hospitals while sick men were in them. Prisoners had been bayoneted. The black flag had been actually flung to the breeze. Cavalry had deliberately rode down some unarmed sick men, who in fear had left a hospital, and with their sabres murdered them in scores. Such is Southern chivalry. And when any regiment of this brigade marches back to Winchester, when the vanguard leaves, Winchester will have been a city of the past. Against this rear the rebel cavalry pressed in vain. Shot and shell could not break it. And a few miles out of Winchester, Gen. Banks ordered a halt to reform any disordered regiments. It was done, and the corps moved on, the enemy harassing in vain. Martinsburgh was reached, and Williamsport--thirteen miles on. The Potomac was then reached in the evening. A battle had been fought and thirty-five miles marched that day. The train crossed and was in safety. Towards evening the troops passed over, except that the Second Massachusetts and the noble Third Wisconsin, who had stood as if made up of brothers that day, left each four companies, still doing duty on the Virginia shore. I have said little of any but of our Second, both because it will answer the enquiries of Massachusetts readers, and because it had the hardest fighting. Its loss it cannot yet tell, as more are hoped to have escaped, who sank from sickness in crowds. But, as yet, the noble Major Dwight, as gallant an officer as ever lived, generous, beloved, who commanded the reserve of the Second, and with the most perfect composure and skill fought for hours, there is much reason to fear will never return. Drs. Leland and Stone are both prisoners. Capt. Mudge and Lieut. Crowninshield are both injured though not fatally. In all, fourteen are known to be killed, forty are known to be wounded, and one hundred and thirty are missing; as many have come in; there is reason to fear that, of the latter number, many are wounded and some dead. If we have felt sad that the Second has had no such chance as other Massachusetts regiments — now it has been tried. It has marched in retreat fifty-three miles in thirty-two hours, in perfect order, though fighting a large part of the way, and for most of it was rear-guard, followed by an overwhelming force. It fought three hours and a half as one of seven regiments against twenty-eight--a portion of four thousand men against fifteen. Its colonel, Gordon, brave, cool, energetic, not only handled his brigade well, but is declared by the General to have been of very great personal service. Its lieutenant-colonel, commanding, has justified the high character he has always had. The regiment fired by orders, as evenly as if in mere practice. Of its officers and privates not a single man was known to flinch.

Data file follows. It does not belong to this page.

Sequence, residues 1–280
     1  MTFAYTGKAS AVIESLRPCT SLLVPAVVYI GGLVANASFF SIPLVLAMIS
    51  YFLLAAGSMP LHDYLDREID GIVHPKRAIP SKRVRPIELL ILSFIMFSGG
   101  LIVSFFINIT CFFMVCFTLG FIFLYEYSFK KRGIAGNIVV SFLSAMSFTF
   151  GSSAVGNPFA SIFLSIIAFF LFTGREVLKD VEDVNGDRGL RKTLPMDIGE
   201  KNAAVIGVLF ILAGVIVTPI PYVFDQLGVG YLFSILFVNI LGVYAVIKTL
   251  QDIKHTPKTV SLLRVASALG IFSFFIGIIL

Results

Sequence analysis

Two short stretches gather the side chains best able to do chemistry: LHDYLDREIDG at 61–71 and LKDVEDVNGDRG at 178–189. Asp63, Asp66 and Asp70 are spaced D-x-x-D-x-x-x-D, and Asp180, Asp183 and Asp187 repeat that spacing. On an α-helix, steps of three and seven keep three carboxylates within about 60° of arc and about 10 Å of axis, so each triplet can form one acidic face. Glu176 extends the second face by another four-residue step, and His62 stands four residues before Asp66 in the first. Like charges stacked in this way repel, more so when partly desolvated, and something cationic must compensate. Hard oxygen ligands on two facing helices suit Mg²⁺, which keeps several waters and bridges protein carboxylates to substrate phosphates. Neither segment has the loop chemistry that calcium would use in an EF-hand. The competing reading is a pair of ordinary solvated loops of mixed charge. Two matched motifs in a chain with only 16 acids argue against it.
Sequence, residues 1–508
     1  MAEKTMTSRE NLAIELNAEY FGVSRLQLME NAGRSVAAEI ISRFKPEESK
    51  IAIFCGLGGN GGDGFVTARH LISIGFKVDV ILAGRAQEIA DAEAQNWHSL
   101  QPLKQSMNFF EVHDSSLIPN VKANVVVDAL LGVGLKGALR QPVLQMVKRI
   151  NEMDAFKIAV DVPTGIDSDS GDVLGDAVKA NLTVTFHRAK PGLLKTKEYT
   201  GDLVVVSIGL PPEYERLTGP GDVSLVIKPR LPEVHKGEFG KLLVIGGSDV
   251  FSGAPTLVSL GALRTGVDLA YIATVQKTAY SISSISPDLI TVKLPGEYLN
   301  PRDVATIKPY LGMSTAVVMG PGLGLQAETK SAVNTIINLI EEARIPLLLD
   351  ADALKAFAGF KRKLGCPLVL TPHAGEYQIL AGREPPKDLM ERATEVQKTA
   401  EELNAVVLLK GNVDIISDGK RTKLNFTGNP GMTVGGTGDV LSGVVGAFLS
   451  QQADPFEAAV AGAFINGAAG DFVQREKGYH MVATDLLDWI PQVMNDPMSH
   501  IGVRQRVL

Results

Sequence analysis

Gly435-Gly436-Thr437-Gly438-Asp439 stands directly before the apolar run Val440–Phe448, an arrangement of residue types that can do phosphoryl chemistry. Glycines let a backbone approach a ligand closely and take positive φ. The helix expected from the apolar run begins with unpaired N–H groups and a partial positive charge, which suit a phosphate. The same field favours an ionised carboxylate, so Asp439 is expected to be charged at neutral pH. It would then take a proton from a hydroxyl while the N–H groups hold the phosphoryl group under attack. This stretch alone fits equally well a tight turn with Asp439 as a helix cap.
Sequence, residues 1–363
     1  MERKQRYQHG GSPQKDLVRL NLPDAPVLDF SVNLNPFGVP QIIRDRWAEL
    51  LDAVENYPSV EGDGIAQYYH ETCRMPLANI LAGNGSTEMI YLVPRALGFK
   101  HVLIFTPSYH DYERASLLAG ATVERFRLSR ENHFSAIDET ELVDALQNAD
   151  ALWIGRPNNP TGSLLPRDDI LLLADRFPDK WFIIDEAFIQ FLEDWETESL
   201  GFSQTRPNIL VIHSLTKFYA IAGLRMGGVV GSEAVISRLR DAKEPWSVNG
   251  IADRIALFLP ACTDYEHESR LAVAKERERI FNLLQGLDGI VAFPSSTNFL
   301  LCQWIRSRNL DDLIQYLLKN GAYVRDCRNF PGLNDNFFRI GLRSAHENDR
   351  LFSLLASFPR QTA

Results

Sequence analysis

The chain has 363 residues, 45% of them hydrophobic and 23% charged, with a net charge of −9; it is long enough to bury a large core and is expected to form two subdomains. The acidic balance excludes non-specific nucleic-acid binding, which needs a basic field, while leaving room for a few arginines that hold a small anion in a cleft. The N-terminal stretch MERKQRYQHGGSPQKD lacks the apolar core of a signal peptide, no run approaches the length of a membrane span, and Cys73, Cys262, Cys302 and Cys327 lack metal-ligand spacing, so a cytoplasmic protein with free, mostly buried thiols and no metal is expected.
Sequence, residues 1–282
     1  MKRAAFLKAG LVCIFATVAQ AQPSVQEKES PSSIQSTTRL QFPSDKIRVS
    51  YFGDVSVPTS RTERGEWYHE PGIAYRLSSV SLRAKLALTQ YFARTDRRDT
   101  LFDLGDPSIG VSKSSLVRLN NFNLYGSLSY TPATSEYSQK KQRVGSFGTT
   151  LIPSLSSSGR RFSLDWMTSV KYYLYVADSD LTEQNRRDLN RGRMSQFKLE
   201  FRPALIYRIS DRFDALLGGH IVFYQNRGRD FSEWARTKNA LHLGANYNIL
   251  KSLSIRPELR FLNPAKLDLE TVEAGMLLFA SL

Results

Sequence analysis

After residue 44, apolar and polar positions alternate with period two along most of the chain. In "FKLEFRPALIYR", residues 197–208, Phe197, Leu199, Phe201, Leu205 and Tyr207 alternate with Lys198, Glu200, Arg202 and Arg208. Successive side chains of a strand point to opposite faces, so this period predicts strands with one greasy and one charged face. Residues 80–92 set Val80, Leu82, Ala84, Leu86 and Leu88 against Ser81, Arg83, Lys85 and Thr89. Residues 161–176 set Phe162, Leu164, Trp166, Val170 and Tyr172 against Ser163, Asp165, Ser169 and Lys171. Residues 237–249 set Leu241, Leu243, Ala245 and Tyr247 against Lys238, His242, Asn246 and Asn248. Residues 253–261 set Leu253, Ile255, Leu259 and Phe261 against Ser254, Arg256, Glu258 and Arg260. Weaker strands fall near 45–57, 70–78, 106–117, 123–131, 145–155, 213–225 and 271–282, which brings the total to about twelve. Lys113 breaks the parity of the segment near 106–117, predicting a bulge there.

A woman's account of the retreat.
The writer of the subjoined letter to the Boston Transcript is the wife of Rev. C. W. Denison, formerly pastor of the Niagara street Baptist Church in Boston: Having had an opportunity of being near a battle-field, and a sharer in some of the privations incident to army life, I thought a short account of the fight in and retreat from Winchester, taken from a woman's stand-point of view, would not be uninteresting to your readers. Last Saturday morning when I went the rounds of the hospitals in that city, how little I expected that I was looking my last upon so many of our poor wounded boys. We then looked for reinforcements by every train, having heard that Gen. Banks and his army were coming towards Winchester. Towards noon the army supplies and ambulances came pouring in, and then the report was that the wagons were to be camped on the Fair grounds, half a mile from town. The Unionists there had confidence in Banks, while the secessionists put on a bolder face than ever, dressed themselves in their best, and made entertainment for Jackson's army. Little we thought, as we heard their impertinent remarks, that we should “see who would rule to-morrow,” that their boasting was to be verified. Soon came the foot-soldiers, weary and travel-worn, by tens and fifties. People began to say, “This looks like a retreat;” still we had hope. By night matters grew desperate. There was fighting. The rebels were pouring in upon our soldiers, exhausted by the march, from every point. The Union men grew thoughtful, some of them left the city, while still the immense train, portions of cavalry and tired foot-soldiers, passed on. All this time reinforcements were surely coming — but they never came. “They are twenty, thirty, forty to our one,” the soldiers said, when we questioned them about the rebel forces. In the morning, Winchester presented a strange sight. Vehicles of every description, crowded with sick soldiers and citizens, came by the door. The contrabands flocked by, each with his little bundle. Whole families of negroes, some with huge packs strapped on head and shoulders, little children almost too small to walk, lean horses carrying two and three, went following the train. Meantime, the thunder of cannonading had commenced. Nearer and nearer it came. The cry went forth that the rebels were driving our forces. We had engaged a carriage, but it failed us. As the shells began to pour into the doomed city, we availed ourselves of the offer of some sick soldiers, who had already crowded an old army wagon, and leaving everything behind us, we took passage in the retreating train, doubtful if we should get away. By the time we were one mile from the city, many of the buildings were in flames. Our men first fired the houses of storage and blew up the powder-magazines. The rebels directed their shells on the hospitals, firing nearly all. God knows how many of our poor boys burned to death. The report is, and that from the doctors, that they killed all they found alive, even the women nurses, of whom there were four who remained.